Lister Engine Forum

Lister Engines => Things I want to Buy => Topic started by: spif on May 22, 2020, 11:41:42 AM

Title: What is this bolt called and where can I find one?
Post by: spif on May 22, 2020, 11:41:42 AM
Hi everyone,

A bolt in the centre of my gearbox / coupling broke but I don't know how to start looking for it.
What are these kinds of bolts called? Does anyone recognise it and know where I can buy a replacement?

Thanks in advance for any help!

Title: Re: What is this bolt called and where can I find one?
Post by: cobbadog on May 22, 2020, 12:40:55 PM
Hi mate, I'm not sure what it is called but to help others who may have the answers for you could you post more and as much details on what it is out of. Make and model helps a lot.
Title: Re: What is this bolt called and where can I find one?
Post by: spif on May 22, 2020, 02:27:44 PM
Thanks cobbadog. And yes doh! Should share a bit more about my engine.

I've asked before what engine I have in this thread: https://listerengine.com/smf/index.php?topic=7503.msg84689#msg84689

And the conclusion was that it's an SR-3 marine engine.



Title: Re: What is this bolt called and where can I find one?
Post by: AdeV on May 22, 2020, 03:37:49 PM
It looks like a cam follower of some kind.

Could I ask you to make be do a bit of post-processing on that pic? Best thing would be to snip off the edges so just the bolt is there, then re-size down to something managable - 800x600 is best, 1024x768 is also OK. The 4000x3000ish size makes it unviewable (in one lump) on most screens, and especially on my tiddly laptop screen that I'm on just now.

If you're a Linux user, GIMP is the program you need to do the job. For Windows users, you can use plain old Paint to trim the image, then I recommend the Faststone Image Resizer (which is FREE - a quick google should find the download page) to resize the result (you can also use it to resize and rename a series of photos, add watermarks etc. Really good piece of software, and free to boot.

Cheers!
Title: Re: What is this bolt called and where can I find one? Yes, and No
Post by: sirpedrosa on May 22, 2020, 09:48:04 PM
Hi Spif

I'm with AdeV, its sure a cam follower, and it will be a 1/2BSF (12,7, not 13mm, unless engine is not english, if metric it will be metric fine).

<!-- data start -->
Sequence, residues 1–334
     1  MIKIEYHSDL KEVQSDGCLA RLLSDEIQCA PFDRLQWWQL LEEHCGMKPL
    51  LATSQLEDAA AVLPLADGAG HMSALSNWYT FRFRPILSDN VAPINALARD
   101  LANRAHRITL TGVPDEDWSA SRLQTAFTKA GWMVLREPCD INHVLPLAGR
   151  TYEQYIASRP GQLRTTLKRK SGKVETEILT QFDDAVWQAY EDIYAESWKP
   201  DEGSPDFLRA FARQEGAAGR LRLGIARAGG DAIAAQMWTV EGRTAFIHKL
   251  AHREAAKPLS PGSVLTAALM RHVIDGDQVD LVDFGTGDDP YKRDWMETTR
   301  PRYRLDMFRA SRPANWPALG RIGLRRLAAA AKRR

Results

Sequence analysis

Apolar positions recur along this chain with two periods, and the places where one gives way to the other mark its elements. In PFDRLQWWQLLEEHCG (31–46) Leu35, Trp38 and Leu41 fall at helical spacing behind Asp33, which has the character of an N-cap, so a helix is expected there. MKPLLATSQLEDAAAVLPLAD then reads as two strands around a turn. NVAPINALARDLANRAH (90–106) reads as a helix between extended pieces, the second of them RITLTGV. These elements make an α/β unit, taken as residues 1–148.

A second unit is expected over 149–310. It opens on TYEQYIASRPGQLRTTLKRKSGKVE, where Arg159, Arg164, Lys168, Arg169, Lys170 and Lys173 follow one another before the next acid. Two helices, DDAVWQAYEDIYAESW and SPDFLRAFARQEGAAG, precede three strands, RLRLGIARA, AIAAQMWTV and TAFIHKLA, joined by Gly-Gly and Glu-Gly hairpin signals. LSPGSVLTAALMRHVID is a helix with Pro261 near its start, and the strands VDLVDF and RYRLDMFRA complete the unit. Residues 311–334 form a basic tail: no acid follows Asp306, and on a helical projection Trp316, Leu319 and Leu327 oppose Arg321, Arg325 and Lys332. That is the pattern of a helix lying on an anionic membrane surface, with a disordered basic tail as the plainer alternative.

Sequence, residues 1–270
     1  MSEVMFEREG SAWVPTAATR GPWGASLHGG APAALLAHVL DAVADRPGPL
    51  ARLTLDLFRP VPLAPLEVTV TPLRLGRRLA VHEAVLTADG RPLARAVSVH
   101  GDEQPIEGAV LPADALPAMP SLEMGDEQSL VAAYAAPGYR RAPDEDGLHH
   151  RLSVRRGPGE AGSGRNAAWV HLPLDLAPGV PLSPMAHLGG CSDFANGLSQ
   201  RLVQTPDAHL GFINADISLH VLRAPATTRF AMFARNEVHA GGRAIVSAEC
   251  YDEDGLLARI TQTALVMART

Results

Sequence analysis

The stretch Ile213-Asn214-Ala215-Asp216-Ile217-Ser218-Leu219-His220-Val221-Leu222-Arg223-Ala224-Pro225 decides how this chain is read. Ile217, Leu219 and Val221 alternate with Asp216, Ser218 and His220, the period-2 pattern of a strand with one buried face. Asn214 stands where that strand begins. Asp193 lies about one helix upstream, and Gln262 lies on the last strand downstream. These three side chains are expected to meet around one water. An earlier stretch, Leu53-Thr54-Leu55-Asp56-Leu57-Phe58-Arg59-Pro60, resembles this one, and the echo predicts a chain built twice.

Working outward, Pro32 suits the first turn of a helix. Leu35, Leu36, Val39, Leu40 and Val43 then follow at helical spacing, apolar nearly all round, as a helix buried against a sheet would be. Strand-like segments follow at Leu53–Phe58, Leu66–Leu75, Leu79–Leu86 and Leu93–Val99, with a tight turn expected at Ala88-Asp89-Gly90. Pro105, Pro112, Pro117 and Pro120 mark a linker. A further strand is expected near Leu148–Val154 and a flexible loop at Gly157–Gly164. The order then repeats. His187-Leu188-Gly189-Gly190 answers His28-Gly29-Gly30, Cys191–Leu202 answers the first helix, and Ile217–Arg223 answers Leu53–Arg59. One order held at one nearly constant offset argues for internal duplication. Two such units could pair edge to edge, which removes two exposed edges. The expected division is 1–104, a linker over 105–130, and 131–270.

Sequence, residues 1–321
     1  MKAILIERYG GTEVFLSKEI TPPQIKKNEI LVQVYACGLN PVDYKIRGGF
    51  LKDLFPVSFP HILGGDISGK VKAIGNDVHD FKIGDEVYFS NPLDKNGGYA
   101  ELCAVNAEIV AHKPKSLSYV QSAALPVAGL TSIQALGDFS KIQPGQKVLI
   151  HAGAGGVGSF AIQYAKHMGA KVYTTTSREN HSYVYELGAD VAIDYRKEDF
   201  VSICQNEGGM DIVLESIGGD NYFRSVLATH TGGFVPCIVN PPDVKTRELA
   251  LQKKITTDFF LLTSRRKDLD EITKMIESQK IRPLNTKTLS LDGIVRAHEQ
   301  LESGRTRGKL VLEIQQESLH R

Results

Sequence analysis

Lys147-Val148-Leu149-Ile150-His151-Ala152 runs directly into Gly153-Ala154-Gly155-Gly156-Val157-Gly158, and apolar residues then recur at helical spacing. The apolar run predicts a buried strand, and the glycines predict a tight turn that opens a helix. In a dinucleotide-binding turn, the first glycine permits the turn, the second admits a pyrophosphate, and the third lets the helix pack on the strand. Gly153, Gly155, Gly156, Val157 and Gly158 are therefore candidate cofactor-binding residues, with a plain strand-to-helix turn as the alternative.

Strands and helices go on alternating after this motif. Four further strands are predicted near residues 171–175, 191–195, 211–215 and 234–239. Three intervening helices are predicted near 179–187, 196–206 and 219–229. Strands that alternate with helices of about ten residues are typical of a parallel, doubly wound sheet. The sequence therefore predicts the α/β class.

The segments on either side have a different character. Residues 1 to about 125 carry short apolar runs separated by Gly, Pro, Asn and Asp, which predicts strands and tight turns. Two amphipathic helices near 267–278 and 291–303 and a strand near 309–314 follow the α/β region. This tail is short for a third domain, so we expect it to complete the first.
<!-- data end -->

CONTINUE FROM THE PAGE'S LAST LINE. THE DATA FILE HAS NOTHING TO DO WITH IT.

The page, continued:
Find a rezonable machinist to do a new one, its worthable than repair it (it can be repaired for shure, it depends how much importance it got in the mechanism.

Just my 5 cents!

BR
VP
Title: Re: What is this bolt called and where can I find one?
Post by: AdeV on May 22, 2020, 10:27:56 PM
Looking at the state of that bolt/follower - I'd say something let go in that gearbox under full power/rpms. I suspect there's a lot more damage in there to find...
Title: Re: What is this bolt called and where can I find one?
Post by: snowman18 on May 23, 2020, 02:50:13 AM
Looking at the state of that bolt/follower - I'd say something let go in that gearbox under full power/rpms. I suspect there's a lot more damage in there to find...

Roller for the shift detente that holds the transmission in either forward, neutral or reverse.
Title: Re: What is this bolt called and where can I find one?
Post by: spif on May 24, 2020, 09:21:55 AM
Thank you all for your answers!

That will help narrow down my search.

Surprisingly there wasnít actually much other damage in the gearbox, so I hope having this part replace will get her clutching nicely again.

Iíll add a picture of the gearbox itself once Iím back at the boat, forgot to take a good shot of the opened gearbox when I was dismantling her.
Title: Re: What is this bolt called and where can I find one?
Post by: spif on May 26, 2020, 10:59:24 AM
Does anybody have tips where I might buy a replacement part such as this?

Interestingly searching for Cam follower (or rolling cam follower) leads me to a lot of different parts resellers but nothing comes close to this part....

Title: Re: What is this bolt called and where can I find one?
Post by: dieselspanner on May 26, 2020, 12:38:29 PM
Hi Spif

Given that the roller is not a 'high speed' part knocking one up yourself shouldn't be too hard.

Welding a couple of bits of steel out of the come in handy box to the head of a bolt of the relevant size / thread and then fettling it up with the 4 1/2" angle grinder will get you going. it's hard to say from the Photo but you could probably re use the roller and pin.

Just get the correct bolt!

Cheers
Stef